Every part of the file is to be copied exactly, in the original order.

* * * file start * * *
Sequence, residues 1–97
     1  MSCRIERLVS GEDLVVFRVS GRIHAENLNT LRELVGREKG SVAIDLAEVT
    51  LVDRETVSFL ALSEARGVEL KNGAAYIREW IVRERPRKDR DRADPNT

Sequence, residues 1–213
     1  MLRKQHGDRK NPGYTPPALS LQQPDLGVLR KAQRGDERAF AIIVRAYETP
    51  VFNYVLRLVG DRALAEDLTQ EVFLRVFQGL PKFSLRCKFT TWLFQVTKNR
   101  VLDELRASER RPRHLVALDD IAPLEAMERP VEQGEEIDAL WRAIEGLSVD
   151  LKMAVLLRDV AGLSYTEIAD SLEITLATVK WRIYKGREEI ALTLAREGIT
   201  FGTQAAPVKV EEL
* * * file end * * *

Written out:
Sequence, residues 1–97
     1  MSCRIERLVS GEDLVVFRVS GRIHAENLNT LRELVGREKG SVAIDLAEVT
    51  LVDRETVSFL ALSEARGVEL KNGAAYIREW IVRERPRKDR DRADPNT

Sequence, residues 1–213
     1  MLRKQHGDRK NPGYTPPALS LQQPDLGVLR KAQRGDERAF AIIVRAYETP
    51  VFNYVLRLVG DRALAEDLTQ EVFLRVFQGL PKFSLRCKFT TWLFQVTKNR
   101  VLDELRASER RPRHLVALDD IAPLEAMERP VEQGEEIDAL WRAIEGLSVD
   151  LKMAVLLRDV AGLSYTEIAD SLEITLATVK WRIYKGREEI ALTLAREGIT
   201  FGTQAAPVKV EEL